Bench to Bedside: How to Fast Track Targeted Cancer Drugs with Radiation into the Clinic
Researchers from the translational research program of the National Cancer Institute and the Radiation Therapy Oncology Therapy Group have developed new guidelines to help fast track the clinical development of targeted cancer drugs in combination with radiation therapy.
The suggested strategic guidelines, published in the Journal of the National Cancer Institute in a recent commentary
with lead author Yaacov Richard Lawrence, MRCP, an adjunct Assistant Professor in the Department of Radiation Oncology
at Thomas Jefferson University and Director of the Center for Translational Research in Radiation Oncology at Sheba Medical Center in Israel, offers specific steps in the preclinical and early phase clinical trial process to get well-studied and novel targeted agents into the clinic more quickly.
Over the last decade, molecular agents that target cellular survival and growth, like Erlotinib and Sunitinib, have been developed but alone have had modest effect on improved survival. Combining such targeted agents with radiation therapy, however, has the potential to improve cure rates and long-term overall survival.
“There’s a missed opportunity in today’s cancer care treatment,” says Dr. Lawrence. “There is very promising laboratory data out there, but the clinical development of these new drugs with radiation has been limited. Here, we have put together a road map to help overcome obstacles and speed the development of new pipeline drugs with radiation.”
Adding radiation therapy to existing chemotherapy agents to radiation therapy has improved survival, and the authors of the commentary, which includes Adam P. Dicker
, Chair of the Department of Radiation Oncology at Jefferson, believe new targeted therapies can follow in the same path.
“We know we want to repeat that success with new biological drugs,” says Dr. Lawrence. “In order to do that, we need direction, which is sorely lacking. These guidelines explicitly explain how much evidence is needed to go forward from the lab into the clinic, and furthermore how to design the clinical trials in humans.”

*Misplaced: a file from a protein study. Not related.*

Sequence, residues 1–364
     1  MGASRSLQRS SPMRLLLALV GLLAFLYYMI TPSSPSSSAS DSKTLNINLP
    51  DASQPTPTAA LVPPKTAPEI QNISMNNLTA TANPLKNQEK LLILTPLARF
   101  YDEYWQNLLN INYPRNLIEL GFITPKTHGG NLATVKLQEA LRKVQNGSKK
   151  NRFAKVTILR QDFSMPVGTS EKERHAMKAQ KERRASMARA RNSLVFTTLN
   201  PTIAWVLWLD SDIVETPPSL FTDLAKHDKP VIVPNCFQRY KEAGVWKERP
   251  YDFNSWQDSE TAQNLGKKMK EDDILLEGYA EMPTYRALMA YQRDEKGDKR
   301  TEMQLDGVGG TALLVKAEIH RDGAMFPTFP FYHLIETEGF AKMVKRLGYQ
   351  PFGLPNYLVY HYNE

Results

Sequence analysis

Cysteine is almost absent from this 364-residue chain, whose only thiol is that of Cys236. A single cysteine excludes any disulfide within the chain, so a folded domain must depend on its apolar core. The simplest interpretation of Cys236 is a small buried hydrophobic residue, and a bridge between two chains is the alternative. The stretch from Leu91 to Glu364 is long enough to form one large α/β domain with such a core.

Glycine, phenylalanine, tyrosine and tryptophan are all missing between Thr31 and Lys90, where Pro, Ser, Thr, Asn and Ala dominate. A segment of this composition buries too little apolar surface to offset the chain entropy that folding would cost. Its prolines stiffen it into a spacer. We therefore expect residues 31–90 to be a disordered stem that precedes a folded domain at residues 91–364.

The guidelines discuss key questions when investigating specific targeted agents and tumor types, designing new clinical trials, such as the ‘time-to-event continual reassessment method design’ for phase I trials, and randomized phase II “screening” trials, and the use of surrogate endpoints, such as pathological response.
It also discusses the role and purpose of preclinical studies in radiation oncology drug development and how to identify new, radiation response agents.
There are challenges to drug development with radiation, the authors explain. A major problem is the limited interest from the pharmaceutical industry in developing drugs with radiation, which is of special importance since the pharmaceutical industry fund a large amount of clinical cancer research. Furthermore, significant individual skills and institutional commitments are also required to ensure a successful program. The situation has been extenuated by the decrease in radiation biologists in recent years.
It is hoped that by providing a clear pathway, the guidelines will help the field overcome these barriers and create a focus and interest in drug development.
Some new approaches, the researchers say, include combining radiosensitizers with hypofractionated (high daily dose) radiation schedules and integrating immunomodulators with radiation therapy.
“We feel passionate that a a good way to push clinical care forward for cancer patients is by combining these two types of treatment: advanced radiation treatment together with the new generation of anticancer drugs,” says Dr. Lawrence. “We know where the future lies, and guidelines provide the path to bring us there.”
For more information, contact: Steve Graff, Thomas Jefferson University and Hospitals, 833 Chestnut Street, Suite 1140, Philadelphia, PA 19107, (215) 955-5291, (215) 955-5008 fax, or email firstname.lastname@example.org